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Education for Sustainable Development Background

Island Environment Watch:
A New Tool for Education for Sustainable Island Living


There are a number of outreach initiatives, some in progress for several years, that seek to empower citizens, and especially youth, to act for positive environmental and social change. Among the successful tools are ones that focus on a practical approach to the measurement of environmental change by schools and communities, who then use the information to address issues that they identify at a local level. Such initiatives include the Sandwatch project (UNESCO-sponsored) that focuses on beaches, the River Care project (sponsored by Live and Learn Environmental Education Inc.) that focuses on rivers, and the Chemistry Outreach to Schools (COTS), University of the South Pacific initiative that focuses on weather and waste. Each of these initiatives has had successes in their local area, ranging from persuading a sugar factory to reduce the contaminants dumped in a river (River Care in Fiji) to involving a coastal community in the clearance of a blocked drain and beautification of a coastal area (Sandwatch in St. Vincent and the Grenadines) and to encouraging school science clubs to monitor weather and village communities to embark on a 'Clean X" project (COTS Program, USP, Fiji).

Such activities are very significant at a local level, but the question always arises - how to broaden the impact so that they become really significant and visible over a larger area? A simple answer is for the different initiatives to join forces and work together.


The key idea behind this proposal is networking activities and different groups working together within a geographical framework.

Taking a distinct geographic area such as a district, a parish or a watershed, different groups would undertake to monitor specific aspects of environmental change, for example, weather observations, waste management, land clearing and sediment runoff, river pollution, mangrove health, beach littering. Each group could work individually, collecting information about the changes over time, identifying issues, and undertaking activities to address the issues; but there would also be opportunities for the groups to interact with each other to discuss and exchange experiences and possibly also to collaborate with each others activities.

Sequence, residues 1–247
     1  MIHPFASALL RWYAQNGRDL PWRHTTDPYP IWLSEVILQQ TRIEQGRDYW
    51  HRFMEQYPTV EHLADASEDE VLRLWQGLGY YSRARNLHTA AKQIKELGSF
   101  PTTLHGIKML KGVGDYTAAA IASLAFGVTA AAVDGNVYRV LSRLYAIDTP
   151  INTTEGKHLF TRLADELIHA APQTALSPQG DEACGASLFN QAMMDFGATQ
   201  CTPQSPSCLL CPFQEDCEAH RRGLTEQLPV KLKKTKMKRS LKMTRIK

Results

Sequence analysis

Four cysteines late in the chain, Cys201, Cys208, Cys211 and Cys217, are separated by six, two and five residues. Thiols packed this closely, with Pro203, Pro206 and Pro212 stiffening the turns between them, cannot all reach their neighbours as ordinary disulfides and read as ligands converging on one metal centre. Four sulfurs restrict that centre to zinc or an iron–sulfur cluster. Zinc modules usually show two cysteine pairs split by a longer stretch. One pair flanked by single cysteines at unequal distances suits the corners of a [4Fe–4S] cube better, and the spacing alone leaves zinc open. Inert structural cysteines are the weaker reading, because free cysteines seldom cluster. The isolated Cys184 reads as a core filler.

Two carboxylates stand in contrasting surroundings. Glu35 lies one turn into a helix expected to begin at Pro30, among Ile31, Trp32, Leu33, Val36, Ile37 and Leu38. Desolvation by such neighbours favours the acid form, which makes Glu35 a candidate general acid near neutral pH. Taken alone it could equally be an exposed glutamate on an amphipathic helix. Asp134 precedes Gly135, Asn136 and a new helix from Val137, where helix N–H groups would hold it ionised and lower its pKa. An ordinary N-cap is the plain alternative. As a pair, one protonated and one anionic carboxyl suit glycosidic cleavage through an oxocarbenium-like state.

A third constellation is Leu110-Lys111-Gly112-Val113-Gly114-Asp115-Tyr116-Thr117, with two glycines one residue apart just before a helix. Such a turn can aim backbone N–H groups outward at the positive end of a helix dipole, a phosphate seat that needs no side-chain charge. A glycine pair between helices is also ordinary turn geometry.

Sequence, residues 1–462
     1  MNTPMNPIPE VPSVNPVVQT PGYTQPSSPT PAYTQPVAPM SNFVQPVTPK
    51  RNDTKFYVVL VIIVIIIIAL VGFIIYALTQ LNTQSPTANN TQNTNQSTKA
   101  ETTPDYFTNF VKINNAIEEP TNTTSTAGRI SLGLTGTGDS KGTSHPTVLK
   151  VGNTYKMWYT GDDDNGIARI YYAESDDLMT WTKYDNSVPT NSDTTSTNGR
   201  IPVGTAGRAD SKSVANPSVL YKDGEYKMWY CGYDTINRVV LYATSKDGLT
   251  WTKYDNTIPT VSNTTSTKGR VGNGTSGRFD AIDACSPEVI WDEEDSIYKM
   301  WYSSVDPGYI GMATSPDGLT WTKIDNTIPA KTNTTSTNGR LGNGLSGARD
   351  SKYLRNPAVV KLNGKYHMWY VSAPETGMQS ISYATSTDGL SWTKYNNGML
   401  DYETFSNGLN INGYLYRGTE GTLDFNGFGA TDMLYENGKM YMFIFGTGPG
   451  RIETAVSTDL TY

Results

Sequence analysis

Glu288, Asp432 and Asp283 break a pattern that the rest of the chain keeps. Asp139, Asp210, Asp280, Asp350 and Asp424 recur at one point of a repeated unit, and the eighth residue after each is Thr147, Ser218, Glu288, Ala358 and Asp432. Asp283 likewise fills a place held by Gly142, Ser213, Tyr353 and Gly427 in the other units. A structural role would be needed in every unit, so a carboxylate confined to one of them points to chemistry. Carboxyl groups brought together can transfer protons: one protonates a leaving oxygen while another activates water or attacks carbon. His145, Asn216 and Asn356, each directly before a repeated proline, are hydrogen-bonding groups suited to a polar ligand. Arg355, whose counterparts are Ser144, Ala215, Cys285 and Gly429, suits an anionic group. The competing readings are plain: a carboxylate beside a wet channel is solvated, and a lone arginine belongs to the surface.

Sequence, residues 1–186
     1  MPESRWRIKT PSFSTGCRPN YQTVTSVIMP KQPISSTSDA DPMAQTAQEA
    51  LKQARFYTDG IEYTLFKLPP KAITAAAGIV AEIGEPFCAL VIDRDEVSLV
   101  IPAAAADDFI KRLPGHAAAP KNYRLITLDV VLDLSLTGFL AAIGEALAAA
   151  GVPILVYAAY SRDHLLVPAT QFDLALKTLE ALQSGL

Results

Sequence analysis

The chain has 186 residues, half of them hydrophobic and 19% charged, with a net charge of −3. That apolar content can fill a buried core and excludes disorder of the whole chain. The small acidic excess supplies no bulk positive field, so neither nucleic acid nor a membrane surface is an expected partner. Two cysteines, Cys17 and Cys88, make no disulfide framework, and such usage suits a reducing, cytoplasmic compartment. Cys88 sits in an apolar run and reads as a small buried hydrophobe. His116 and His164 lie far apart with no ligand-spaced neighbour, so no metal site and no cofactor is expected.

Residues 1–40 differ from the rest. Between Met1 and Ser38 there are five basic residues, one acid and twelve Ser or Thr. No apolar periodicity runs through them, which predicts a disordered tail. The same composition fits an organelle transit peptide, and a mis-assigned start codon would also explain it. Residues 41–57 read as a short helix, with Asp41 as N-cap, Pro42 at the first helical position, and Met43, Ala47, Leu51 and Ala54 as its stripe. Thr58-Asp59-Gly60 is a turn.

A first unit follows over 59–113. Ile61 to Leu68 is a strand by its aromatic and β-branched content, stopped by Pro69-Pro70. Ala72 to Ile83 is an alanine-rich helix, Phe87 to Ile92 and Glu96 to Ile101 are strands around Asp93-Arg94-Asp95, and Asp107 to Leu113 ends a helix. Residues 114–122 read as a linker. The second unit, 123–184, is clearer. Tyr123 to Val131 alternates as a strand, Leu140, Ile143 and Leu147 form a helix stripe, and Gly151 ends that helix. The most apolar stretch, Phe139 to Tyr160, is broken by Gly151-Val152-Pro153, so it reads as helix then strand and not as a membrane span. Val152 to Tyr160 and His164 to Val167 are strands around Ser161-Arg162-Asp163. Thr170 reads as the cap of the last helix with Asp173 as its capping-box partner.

This is essentially a school and community-based approach. So methods adopted for monitoring environmental changes must be simple, low cost (or no-cost) and sustainable. This is not an academic programme, rather it is a case of helping ordinary people help themselves by collecting the necessary information and using it to enhance their neighbourhoods and to make their own individual lives, and those of their children, better. (Such methods already exist for most, if not all, the ecosystem components - beaches, rivers, weather and mangroves). A suggested approach would be to select two or three islands in different regions where this concept could be tried on a pilot basis in distinct geographical areas over a 2-3 year period.

With different activities, linked and focused in a specific geographical area, the potential exists for significant impact that is likely to amount to more than the sum of the individual components.


To get involved, contact :


Coastal Regions and Small Islands Platform
UNESCO, Paris, France
fax: +33 1 45 68 58 08

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